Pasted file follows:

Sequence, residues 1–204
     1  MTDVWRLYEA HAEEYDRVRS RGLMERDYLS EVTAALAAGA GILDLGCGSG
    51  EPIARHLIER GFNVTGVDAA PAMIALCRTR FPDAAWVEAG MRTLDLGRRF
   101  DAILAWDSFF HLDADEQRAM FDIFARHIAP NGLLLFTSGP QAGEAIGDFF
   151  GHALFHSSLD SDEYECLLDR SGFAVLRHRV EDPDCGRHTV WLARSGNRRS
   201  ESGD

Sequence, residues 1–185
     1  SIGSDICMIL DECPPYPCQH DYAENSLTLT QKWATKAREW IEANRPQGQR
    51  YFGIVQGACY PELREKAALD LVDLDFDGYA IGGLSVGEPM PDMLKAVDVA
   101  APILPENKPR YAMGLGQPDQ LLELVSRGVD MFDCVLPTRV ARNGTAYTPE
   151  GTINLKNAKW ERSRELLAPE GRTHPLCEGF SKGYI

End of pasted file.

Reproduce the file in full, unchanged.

Sequence, residues 1–204
     1  MTDVWRLYEA HAEEYDRVRS RGLMERDYLS EVTAALAAGA GILDLGCGSG
    51  EPIARHLIER GFNVTGVDAA PAMIALCRTR FPDAAWVEAG MRTLDLGRRF
   101  DAILAWDSFF HLDADEQRAM FDIFARHIAP NGLLLFTSGP QAGEAIGDFF
   151  GHALFHSSLD SDEYECLLDR SGFAVLRHRV EDPDCGRHTV WLARSGNRRS
   201  ESGD

Sequence, residues 1–185
     1  SIGSDICMIL DECPPYPCQH DYAENSLTLT QKWATKAREW IEANRPQGQR
    51  YFGIVQGACY PELREKAALD LVDLDFDGYA IGGLSVGEPM PDMLKAVDVA
   101  APILPENKPR YAMGLGQPDQ LLELVSRGVD MFDCVLPTRV ARNGTAYTPE
   151  GTINLKNAKW ERSRELLAPE GRTHPLCEGF SKGYI